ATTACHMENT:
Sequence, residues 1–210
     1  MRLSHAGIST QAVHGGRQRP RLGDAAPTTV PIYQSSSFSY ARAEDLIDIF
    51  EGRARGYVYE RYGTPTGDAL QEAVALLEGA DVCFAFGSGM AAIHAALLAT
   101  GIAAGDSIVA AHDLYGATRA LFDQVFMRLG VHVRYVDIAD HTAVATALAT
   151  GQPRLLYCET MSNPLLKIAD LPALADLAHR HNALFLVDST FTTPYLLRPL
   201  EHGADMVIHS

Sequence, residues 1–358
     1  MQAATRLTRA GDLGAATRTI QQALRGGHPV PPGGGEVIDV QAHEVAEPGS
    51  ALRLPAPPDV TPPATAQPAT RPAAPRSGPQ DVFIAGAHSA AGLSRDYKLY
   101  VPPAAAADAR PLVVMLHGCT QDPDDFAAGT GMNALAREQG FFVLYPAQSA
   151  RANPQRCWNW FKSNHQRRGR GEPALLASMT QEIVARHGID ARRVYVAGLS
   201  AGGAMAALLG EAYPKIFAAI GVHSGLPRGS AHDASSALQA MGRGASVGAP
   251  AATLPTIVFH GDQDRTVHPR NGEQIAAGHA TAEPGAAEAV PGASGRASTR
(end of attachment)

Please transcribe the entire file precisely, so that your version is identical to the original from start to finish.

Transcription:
Sequence, residues 1–210
     1  MRLSHAGIST QAVHGGRQRP RLGDAAPTTV PIYQSSSFSY ARAEDLIDIF
    51  EGRARGYVYE RYGTPTGDAL QEAVALLEGA DVCFAFGSGM AAIHAALLAT
   101  GIAAGDSIVA AHDLYGATRA LFDQVFMRLG VHVRYVDIAD HTAVATALAT
   151  GQPRLLYCET MSNPLLKIAD LPALADLAHR HNALFLVDST FTTPYLLRPL
   201  EHGADMVIHS

Sequence, residues 1–358
     1  MQAATRLTRA GDLGAATRTI QQALRGGHPV PPGGGEVIDV QAHEVAEPGS
    51  ALRLPAPPDV TPPATAQPAT RPAAPRSGPQ DVFIAGAHSA AGLSRDYKLY
   101  VPPAAAADAR PLVVMLHGCT QDPDDFAAGT GMNALAREQG FFVLYPAQSA
   151  RANPQRCWNW FKSNHQRRGR GEPALLASMT QEIVARHGID ARRVYVAGLS
   201  AGGAMAALLG EAYPKIFAAI GVHSGLPRGS AHDASSALQA MGRGASVGAP
   251  AATLPTIVFH GDQDRTVHPR NGEQIAAGHA TAEPGAAEAV PGASGRASTR